Then there is Mississippi-born Meshach Silas, who relies on the West African djembe and other African instruments; Maninder Singh, who plays the tabla with amazing virtuosity; Abdul Hakeem on the lead guitar and Inder Paul Singh on the keyboard.

Avant garde jazz is provided by the saxophones of American Kristin McGee, while some soul is provided by Jamaican Valroy Dawkins' reggae-infused vocals and Radhika Chimata's haunting voice disciplined by a training in Indian classical. Dawkins adds an extra topping with his West Indian dancing.

Sharma says he found to his amazement that all these styles synchronized so naturally.

"I kept thinking about things that would serve as a bridge. The reggae beat for example is so in synch with Indian beats and soca sounds to me just like Indian folk rhythms speeded up. The combination of reggae and Indian folk music was easy because there is such a marriage of rhythm," he says.

To Andhra-born Radhika Chimata, Funkadesi's unique appeal lies in its harmonious but yet distinctive blend of so many styles and sounds.

"Our group offers a large variety of genres-Indian classical music, folk, reggae, and jazz in away no group does in America. You can hear the jazz, reggae and Indian music in its purity whenever it pops up," she says.

For Chimata however, 'Funkadesi' was not really a way to find her roots. On the contrary, she is already deeply rooted in Indian arts. She had learned Bharat Natyam and Carnatic music and now is training in Hindustani music; it was a way she could integrate her 'Indianness" with other cultures. It was also a way to resolve the conflicts between Indian and American values.

For instance, singing in clubs was against her Indian upbringing but it was something a band has to do if it is to survive. Chimata adjusted and realized that it really didn't cause so much heartache.

Working with people of such diversity has also helped Chimata understand different genres of music -- and social issues -- better.

"'Funkadesi' has helped to make everything so real. Until then, I had only an intellectual understanding of political and social issues and different kinds of music," she says.

That's a sentiment shared by Maninder Singh, 23. Singh's friendship with Sharma goes back to their University of Michigan days, when 'Funkadesi' was still just a mote in Sharma's imagination.

Singh, who has also trained with Zakir Hussain, is a software engineer by profession. He has played with a number of Sikh groups, which have come out with kirtana CDs. He also plays with an Indo-Pak Jazz coalition.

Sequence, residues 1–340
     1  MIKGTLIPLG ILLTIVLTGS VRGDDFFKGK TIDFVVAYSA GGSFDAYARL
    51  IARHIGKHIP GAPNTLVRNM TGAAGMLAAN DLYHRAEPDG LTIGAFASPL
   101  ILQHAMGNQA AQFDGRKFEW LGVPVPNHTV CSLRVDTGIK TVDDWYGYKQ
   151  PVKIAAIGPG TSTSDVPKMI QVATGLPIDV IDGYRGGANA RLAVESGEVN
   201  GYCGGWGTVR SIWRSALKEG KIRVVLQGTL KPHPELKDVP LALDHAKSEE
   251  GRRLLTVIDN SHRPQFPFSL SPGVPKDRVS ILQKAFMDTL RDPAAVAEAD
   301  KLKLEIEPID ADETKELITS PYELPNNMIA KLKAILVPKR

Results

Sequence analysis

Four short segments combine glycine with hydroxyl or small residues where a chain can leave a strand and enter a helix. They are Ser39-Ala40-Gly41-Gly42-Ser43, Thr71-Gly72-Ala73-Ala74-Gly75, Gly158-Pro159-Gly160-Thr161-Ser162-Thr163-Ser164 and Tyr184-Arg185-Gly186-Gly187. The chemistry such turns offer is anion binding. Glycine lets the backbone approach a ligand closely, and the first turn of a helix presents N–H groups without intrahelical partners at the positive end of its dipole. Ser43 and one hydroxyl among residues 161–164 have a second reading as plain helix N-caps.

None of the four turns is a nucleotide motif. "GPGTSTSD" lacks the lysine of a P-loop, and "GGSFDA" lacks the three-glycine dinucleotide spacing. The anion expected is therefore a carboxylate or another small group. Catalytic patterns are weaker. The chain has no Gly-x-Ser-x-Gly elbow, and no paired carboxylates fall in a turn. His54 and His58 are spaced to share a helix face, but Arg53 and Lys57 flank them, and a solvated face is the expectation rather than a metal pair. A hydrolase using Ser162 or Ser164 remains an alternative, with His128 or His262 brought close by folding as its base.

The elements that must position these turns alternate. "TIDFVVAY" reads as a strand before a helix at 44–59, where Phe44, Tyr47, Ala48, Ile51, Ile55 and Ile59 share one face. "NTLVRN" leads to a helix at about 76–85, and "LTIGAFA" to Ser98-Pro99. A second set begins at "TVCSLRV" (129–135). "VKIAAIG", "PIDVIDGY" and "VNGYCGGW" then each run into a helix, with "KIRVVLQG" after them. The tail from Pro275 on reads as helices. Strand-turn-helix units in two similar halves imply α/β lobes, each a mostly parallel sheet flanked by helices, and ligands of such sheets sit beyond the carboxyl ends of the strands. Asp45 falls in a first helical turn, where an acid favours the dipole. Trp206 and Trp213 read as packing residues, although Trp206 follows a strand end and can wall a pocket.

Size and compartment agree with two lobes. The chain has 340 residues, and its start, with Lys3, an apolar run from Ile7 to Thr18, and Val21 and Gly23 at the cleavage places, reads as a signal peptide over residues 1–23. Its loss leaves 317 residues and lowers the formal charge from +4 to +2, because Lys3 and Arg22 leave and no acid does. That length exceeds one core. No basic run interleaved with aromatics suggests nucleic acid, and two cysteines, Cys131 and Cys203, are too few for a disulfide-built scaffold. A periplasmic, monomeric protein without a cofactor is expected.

Singh, who wears a turban, had his own problems growing up in America. Playing with 'Funkadesi' has helped him come to terms with who he is, he says.

"Being with people who are different and accepting of who I am has helped me to grow up in an environment that is not so easily accepting. I am now comfortable with my identity," he says.

Singh also admits that getting a band like 'Funkadesi' to harmoniously synchronise calls for a lot of hard work. But in the end, it is very rewarding.

"We complement each other. We all have respect for each other's traditions. We don't try to force anything. Nothing is contrived and so it seems that all the rhythms have originated from the same music. I'm a part of so many groups, but with 'Funkadesi' it is like being part of a family. We have such good rapport," says Singh.

Sharma hopes 'Funkadesi' will be the beginning of the mainstreaming of Indian music. The coming of age, so to speak, of a timeless music tradition.

"On the one hand Indian music has been secluded and inaccessible, except for people like Bally Sagoo and Apache Indian from England who have put bhangra to hip-hop on the map. But I would like to see us, as a people, to be cultural ambassadors, and share our music. People mix reggae and funk, but Indian music is not mixed and put in the forefront. I think that is because of this element of exoticism and mystery associated with Indian music," says Sharma.

Of course, Sharma is determined to aid the cause of many aspiring south Asian musicians who see him as a "role model". He works with other south Asian artistes who sometimes perform with Funkadesi. But he is disappointed that an artiste does not get support in the south Asian community the way a western artiste gets from his family and community.

In 'Funkadesi' itself, all the Indians pursue careers other than music. Sharma, for instance, has a doctorate in clinical psychology and works as the Director of Resources for Sexual Violence Prevention at the University of Chicago. The non-Indians in the group, however, are full-time artistes.

"If there was more emphasis on pursuing dreams, we'd see more south Asian artistes," admits Sharma.